Ariel Jurow Kleiman
University of San Diego School of Law
Monday, October 5, 2020
8:30 to 9:45 AM Pacific Time
Tax law’s standard redistributive criteria of progressivity, inequality-reduction, and poverty-reduction tell a certain story: the tax system improves on market outcomes by transferring income from rich to poor. While widely accepted as a matter of theory, this characterization rings hollow in practice. Millions of low-income taxpayers across the United States are made poor or poorer by state and federal taxes. In truth, while the US fiscal system may be broadly equalizing and poverty reducing, for many poor households, it is impoverishing.
This Article offers a new way to measure taxation of the poor in the United States, presenting a concept called fiscal impoverishment. Fiscal impoverishment means that certain individuals are made poor or poorer after taxes and transfers are taken into account. Distinct from the aggregate and anonymous measures by which we typically assess our tax and transfer system, fiscal impoverishment is dynamic and individualized. It highlights the state’s relationship to specific households and foregrounds the economic responsibilities of the state vis-à-vis poor taxpayers.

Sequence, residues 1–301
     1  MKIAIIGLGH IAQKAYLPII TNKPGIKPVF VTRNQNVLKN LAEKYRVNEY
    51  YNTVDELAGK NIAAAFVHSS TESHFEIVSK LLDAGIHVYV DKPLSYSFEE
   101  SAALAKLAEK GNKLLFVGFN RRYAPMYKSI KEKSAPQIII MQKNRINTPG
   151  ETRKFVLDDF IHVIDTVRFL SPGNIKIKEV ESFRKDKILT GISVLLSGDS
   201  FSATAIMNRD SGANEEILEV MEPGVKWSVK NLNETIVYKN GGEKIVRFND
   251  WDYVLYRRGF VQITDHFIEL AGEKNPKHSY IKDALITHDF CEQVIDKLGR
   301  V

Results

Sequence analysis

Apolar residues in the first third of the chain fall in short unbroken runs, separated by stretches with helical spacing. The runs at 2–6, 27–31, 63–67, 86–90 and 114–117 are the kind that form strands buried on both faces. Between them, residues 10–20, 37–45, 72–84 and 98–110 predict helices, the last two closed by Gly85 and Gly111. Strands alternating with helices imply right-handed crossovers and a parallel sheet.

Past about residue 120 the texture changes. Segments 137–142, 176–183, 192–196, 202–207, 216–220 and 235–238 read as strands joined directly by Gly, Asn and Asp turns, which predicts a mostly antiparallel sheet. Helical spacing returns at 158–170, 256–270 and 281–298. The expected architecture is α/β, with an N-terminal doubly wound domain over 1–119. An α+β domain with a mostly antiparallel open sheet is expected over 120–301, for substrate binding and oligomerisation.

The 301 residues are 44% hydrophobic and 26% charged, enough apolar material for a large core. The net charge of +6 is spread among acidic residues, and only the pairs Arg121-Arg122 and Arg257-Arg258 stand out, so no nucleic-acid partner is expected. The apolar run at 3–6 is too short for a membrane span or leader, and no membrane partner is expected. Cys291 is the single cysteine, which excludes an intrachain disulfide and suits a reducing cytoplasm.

In addition to introducing the concept, the Article sketches the scope of fiscal impoverishment throughout the United States. In combination with US Treasury and Census data, this work reveals that impoverishment is significant—affecting millions of households—and highly variable—based on a patchwork of federal and state tax and transfer programs. Patterns of impoverishment track familiar safety-net fault lines based on family structure, employment, and immigration status. Even within excluded groups, the degree of impoverishment differs greatly from state to state, reflecting the federal nature of our tax and transfer system. Lastly, finding that such impoverishment exists, the Article provides a framework for rethinking taxation of poor households.